Then March rolls around and instead of cutting 10 pounds, you've somehow put on seven, all while forgetting how to even get to the gym.
Resolutions are typically fruitless. However, there's one group that's going to need a huge list of them for 2012, and that's the National College Athletic Association.
The NCAA — most notably big-time college football — embarrassed itself at seemingly every corner in 2011. Far too often, the NCAA's on-field product was overshadowed by the greed, deceit and downright monstrosities that occurred off of the field.
Real quick, if we were to play word association and I said to you, "NCAA," what would your response be? After 2011, it very well might be "scandal."
Scandals rocked the NCAA at its foundation this year.
There were the questions about Cam Newton, and more importantly, Cecil Newton. Then we found out that in Columbus, you could get some tattoos for free so long as you played football for THE Ohio State University. From there, we went south — literally and figuratively — to hear about the hundreds, nay thousands, of illegal benefits that University of Miami football players were showered with over the last decade.
And of course, nothing was worse than the nauseating details stemming from the allegations placed upon former Penn State defensive coordinator Jerry Sandusky. That ongoing scandal has torn down the legacy of a coaching legend in Joe Paterno, and it could very well end up being the beginning of the end for one of the country's most recognizable football programs.
Oh yeah, there's also the BCS. That mess may be worse than ever, as we'll get a pair of two-loss teams meeting in the Sugar Bowl a night before the Orange Bowl will host two three-loss teams. If that's not the best college football has to offer, then I don't know what is. At least no one will be arrested or lose their eligibility because of it — or so we'd like to hope.
It's unfortunate, too, because at its best, the NCAA should represent the very best amateur athletics in the world really, the IOC be damned. However, Division I college football is so far from that desired standard that it shouldn't even be considered part of the NCAA.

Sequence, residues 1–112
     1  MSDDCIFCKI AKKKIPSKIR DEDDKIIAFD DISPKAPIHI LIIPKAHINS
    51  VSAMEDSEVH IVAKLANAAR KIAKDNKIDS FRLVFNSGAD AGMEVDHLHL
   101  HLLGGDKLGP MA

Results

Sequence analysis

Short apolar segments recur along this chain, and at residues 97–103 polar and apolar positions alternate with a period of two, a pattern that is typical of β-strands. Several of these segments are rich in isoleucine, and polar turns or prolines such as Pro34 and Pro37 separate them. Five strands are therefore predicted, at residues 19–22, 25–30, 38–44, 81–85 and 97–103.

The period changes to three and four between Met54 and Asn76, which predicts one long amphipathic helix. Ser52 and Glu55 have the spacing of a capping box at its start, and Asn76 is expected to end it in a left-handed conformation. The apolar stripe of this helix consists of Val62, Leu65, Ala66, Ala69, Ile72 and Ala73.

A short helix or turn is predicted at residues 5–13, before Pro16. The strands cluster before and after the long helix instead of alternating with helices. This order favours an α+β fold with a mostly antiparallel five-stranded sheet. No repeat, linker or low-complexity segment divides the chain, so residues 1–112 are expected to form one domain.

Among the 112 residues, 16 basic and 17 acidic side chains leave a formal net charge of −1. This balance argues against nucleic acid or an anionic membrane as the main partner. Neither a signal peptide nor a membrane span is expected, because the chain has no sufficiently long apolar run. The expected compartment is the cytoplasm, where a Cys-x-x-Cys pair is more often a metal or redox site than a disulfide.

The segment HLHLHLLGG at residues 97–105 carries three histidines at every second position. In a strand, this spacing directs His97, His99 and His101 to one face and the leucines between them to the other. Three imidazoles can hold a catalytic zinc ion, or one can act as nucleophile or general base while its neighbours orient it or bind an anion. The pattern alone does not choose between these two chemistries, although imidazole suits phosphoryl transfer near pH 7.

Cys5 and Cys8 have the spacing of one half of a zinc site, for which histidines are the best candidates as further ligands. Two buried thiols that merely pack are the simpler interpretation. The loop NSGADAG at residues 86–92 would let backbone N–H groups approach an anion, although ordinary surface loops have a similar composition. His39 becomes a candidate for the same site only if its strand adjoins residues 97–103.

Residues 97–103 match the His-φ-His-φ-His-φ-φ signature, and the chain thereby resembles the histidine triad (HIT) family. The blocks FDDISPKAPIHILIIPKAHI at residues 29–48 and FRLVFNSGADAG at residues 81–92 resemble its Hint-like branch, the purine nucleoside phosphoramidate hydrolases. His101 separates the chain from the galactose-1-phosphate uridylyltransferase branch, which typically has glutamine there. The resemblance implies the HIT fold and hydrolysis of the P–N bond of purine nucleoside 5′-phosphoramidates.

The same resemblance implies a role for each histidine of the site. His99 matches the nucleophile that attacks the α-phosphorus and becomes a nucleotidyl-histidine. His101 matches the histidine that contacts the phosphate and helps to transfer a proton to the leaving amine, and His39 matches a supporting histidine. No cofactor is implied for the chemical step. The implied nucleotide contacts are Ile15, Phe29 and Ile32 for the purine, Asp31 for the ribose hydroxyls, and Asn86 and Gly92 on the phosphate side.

Of course, big-time college football is about as synonymous with amateurism as the desert is to hockey. College football is a business, and it is a booming business. Money and power dictate conference realignment and the ensuing TV deals. Money and power dictate recruiting. Money and power dictate just about everything in college football. And that is most likely the genesis of all of these problems.
There is so much to be gained from being powerful in college football, and because of it, university presidents, athletic directors, coaches and players will all do whatever they can to make sure they make it to the top of the mountain. We saw and continue to see the depths that power can reach in the midst of the unspeakable horrors being alleged in the Penn State scandal.
Once you reach the top, you can do as you please. Until, of course, you get caught. And as Penn State has also taught us, things get really, really ugly when that train derails.
As is the case more often than not, it's all about fixing the system. College football has a long way to go, but after a year like 2011, any sort of improvement will surely be embraced. The system, and those who benefit the most from it, must start to realize the problems, though. Until that, we can expect more of the same. And if 2011 taught us anything, it starts to get really, really ugly when that train flies off the track.
Are we harping on the negatives here? Sure. But has college football done anything as of late to help shine a positive light on the product? Of course not.
But 2012 is a new year for everyone, including big-time college football. So go right ahead, NCAA. Make those resolutions. Just please, be an inspiration to all of us and see those resolutions through.
Aim to be better, and hopefully you will be. After all, things can't get much worse.